Allison Durbin

Allison Durbin’s ‘I Have Loved Me A Man’ is one of the finest recordings ever made in New Zealand, period.

With a versatile, powerhouse voice, Durbin rose to the top of the charts during New Zealand’s golden age of female pop singers. Her career included a dramatic rise to Australasian success, followed by an equally dramatic and darker fall.

2003 interview and career overview
Esso Besso (1969)
Johnny Farnham & Allison Durbin - That's Old Fashioned (1972)
1967 Impact Records tour programme
Allison’s second album, Soft And Soulful, recorded in Australia following her move there in 1969. The album was produced by then-husband Howard Gable.
Allison Durbin - Can't Get Over You (1992)
Allison Durbin (left), providing free entertainment at Levin North School fiesta. Standing beside her (right) is Brian Blenkhorn of Levin.
Photo credit: Horowhenua Historical Society Inc
Allison at Wellington's Downtown Club, 11 January, 1969 with dancer Barbara Deans at the end of the Loxene Golden Disc Tour
Photo credit: Courtesy of Barbara Fraser
I Have Loved Me A Man (Australian live performance)
Looking Through A Tear
Allison's Howard Gable produced 1968 album is regarded as something of classic, with vocal performances that set new standards in New Zealand pop.
Allison Durbin at soundcheck in the Top Hat, John Lindsay on guitar.
Words Of Love (They Don't Come Easy) (1972)
A Man And A Woman
Allison Durbin, 1968
Photo credit: Gordon Wong collection
He Don't Want Your Love Anymore
1968 tour programme
The cover art, with photography by Geoffrey Harris, for Allison Durbin’s Amerikan Music, her third and final solo album for EMI. Produced in Sydney by Howard Gable, with engineering by John Sayers, Ernie Rose and Roger Savage.
Allison Durbin sings Eso Besso on 1969 TV show A Girl To Watch Music By
The 1968 Loxene Golden Disc
Allison Durbin at soundcheck in the Top Hat
River Deep Mountain High
Allison Durbin and John Rowles top the bill in a packed line up assembed by promoter Ken Cooper. Winter Show Buildings, Wellington, 28 February 1969. The fabulous 20-piece TV 'Come Dance' orchestra is flying into Auckland, and the Fiesta Time Dancers will give a floorshow spectacular. Plus Isobel Cowan, the Shevelles ... and Chic Littlewood.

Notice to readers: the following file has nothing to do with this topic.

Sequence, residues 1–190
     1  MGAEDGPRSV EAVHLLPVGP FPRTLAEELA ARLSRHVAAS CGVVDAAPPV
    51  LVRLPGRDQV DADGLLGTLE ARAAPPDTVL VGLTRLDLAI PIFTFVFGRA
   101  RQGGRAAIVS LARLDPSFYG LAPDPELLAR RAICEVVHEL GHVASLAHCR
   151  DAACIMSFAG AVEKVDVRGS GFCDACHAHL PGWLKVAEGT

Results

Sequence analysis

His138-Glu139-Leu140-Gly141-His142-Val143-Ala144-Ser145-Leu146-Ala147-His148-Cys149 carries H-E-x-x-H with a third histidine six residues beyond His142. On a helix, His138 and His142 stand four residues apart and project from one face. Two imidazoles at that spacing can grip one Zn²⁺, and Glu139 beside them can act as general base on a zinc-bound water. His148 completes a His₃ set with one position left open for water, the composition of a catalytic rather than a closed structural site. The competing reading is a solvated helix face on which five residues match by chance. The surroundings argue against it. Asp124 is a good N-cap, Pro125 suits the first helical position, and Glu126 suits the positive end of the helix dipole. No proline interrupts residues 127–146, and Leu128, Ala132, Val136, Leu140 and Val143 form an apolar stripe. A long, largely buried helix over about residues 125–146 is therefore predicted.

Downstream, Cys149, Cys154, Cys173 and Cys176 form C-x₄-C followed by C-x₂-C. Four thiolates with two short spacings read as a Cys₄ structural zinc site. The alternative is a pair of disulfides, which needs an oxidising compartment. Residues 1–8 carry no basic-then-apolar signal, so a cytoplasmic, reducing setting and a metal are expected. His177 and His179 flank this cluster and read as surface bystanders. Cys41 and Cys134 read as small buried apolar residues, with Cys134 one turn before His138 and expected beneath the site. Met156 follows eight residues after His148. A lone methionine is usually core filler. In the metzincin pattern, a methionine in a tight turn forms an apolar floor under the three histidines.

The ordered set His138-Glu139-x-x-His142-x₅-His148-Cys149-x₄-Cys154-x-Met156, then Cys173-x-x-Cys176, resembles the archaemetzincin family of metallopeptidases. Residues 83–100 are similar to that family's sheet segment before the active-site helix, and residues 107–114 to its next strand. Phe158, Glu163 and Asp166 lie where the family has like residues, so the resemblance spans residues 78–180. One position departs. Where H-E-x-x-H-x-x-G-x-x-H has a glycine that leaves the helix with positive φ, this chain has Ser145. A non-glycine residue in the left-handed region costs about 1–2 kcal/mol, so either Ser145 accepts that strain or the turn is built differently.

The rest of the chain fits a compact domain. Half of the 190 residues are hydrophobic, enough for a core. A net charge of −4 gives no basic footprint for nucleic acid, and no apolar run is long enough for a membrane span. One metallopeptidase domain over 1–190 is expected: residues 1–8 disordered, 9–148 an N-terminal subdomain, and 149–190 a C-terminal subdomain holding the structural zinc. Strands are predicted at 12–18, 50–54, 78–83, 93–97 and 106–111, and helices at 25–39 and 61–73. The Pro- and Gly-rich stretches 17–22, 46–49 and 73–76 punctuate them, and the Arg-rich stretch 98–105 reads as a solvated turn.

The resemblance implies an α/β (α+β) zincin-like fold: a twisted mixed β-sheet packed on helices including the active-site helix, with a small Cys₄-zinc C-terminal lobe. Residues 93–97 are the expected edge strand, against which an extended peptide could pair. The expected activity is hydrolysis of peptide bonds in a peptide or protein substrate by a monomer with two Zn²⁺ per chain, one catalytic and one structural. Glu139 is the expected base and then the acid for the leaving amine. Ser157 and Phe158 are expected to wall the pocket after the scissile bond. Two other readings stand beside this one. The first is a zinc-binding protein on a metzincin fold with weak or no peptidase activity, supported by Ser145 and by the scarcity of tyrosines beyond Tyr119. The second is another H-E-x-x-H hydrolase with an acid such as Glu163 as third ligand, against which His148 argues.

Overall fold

Photo credit: Ken Cooper Collection
Allison Durbin sings Looking Through a Tear on 1969 TV show A Girl To Watch Music By
A story on Allison Durbin's first single in Countdown magazine. Discovered by Eldred Stebbing at Dave Dunningham's Surfside Ballroom in Milford, Auckland, this single was issued in September 1964 but failed to chart.
Elton John, Liberace, Allison Durbin, Johnny Farnham - Australian King of Pop Awards, 1971
I Have Loved Me A Man
NZ Woman's Weekly, 1968
Photo credit: NZ Woman's Weekly
Doug Elliott and Roy Young present The Allison Durbin Show! Special guest star Larry Morris, formerly of Larry's Rebels, now incredible as a solo artist ... Bobby Davis ... George Tumahai ... Knife Dancers ... Quincy Conserve. All on the one big family show. [ca 1968].. Cabot, Charles Henry, 1890-1978: [Collection of ephemera, posters and programmes. 1900-1976]. Ref: Eph-D-CABOT-Music-1968-02. Alexander Turnbull Library, Wellington, New Zealand. /records/22752287
Allison Durbin, in a publicity still given to the Top Hat's Bernie Meredith
Photo credit: Lee Pritchard collection
World Of Music
Allison Durbin - Put Your Hand In The Hand
A young Allison Durbin at a talent quest
Allison Durbin
He's Bad, Bad, Bad - HMV studio, Wellington, c.1968
Allison Durbin with her 1968 silver disc for I Have Loved Me A Man
Allison Durbin and Johnny Farnham - Green Green Grass and Nobody Knows
Allison Durbin interview, Give It A Whirl, 2003 (NZ On Screen, 2022)

Allison Durbin's single 'Don't Come Any Closer' was originally recorded by UK singer Samantha Jones. There's also a French version by Francoise Hardy.






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